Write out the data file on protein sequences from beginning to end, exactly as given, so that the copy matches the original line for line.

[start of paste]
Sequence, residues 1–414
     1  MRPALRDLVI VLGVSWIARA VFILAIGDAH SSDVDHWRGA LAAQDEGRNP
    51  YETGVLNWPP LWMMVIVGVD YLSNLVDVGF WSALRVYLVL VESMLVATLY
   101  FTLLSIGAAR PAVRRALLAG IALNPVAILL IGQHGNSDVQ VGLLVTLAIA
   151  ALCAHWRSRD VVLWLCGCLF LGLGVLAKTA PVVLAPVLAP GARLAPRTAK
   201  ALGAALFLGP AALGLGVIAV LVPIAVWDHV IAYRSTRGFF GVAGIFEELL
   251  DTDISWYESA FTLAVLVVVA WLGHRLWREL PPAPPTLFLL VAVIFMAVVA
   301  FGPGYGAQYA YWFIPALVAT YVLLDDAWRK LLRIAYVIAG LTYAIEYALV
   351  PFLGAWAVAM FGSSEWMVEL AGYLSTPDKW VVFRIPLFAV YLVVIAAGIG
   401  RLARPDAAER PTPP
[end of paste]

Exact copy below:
Sequence, residues 1–414
     1  MRPALRDLVI VLGVSWIARA VFILAIGDAH SSDVDHWRGA LAAQDEGRNP
    51  YETGVLNWPP LWMMVIVGVD YLSNLVDVGF WSALRVYLVL VESMLVATLY
   101  FTLLSIGAAR PAVRRALLAG IALNPVAILL IGQHGNSDVQ VGLLVTLAIA
   151  ALCAHWRSRD VVLWLCGCLF LGLGVLAKTA PVVLAPVLAP GARLAPRTAK
   201  ALGAALFLGP AALGLGVIAV LVPIAVWDHV IAYRSTRGFF GVAGIFEELL
   251  DTDISWYESA FTLAVLVVVA WLGHRLWREL PPAPPTLFLL VAVIFMAVVA
   301  FGPGYGAQYA YWFIPALVAT YVLLDDAWRK LLRIAYVIAG LTYAIEYALV
   351  PFLGAWAVAM FGSSEWMVEL AGYLSTPDKW VVFRIPLFAV YLVVIAAGIG
   401  RLARPDAAER PTPP